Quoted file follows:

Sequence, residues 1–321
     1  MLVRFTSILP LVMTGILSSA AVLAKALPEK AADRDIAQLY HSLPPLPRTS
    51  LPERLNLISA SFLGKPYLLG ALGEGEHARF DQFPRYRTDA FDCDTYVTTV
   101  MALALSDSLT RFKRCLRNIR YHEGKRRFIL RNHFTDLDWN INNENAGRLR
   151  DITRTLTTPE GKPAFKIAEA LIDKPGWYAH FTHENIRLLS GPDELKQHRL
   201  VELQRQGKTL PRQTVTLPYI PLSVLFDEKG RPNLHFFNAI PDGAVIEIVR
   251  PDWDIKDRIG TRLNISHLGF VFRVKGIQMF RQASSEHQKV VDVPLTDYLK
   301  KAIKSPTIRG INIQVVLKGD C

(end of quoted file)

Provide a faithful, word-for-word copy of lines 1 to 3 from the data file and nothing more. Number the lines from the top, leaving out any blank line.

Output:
Sequence, residues 1–321
     1  MLVRFTSILP LVMTGILSSA AVLAKALPEK AADRDIAQLY HSLPPLPRTS
    51  LPERLNLISA SFLGKPYLLG ALGEGEHARF DQFPRYRTDA FDCDTYVTTV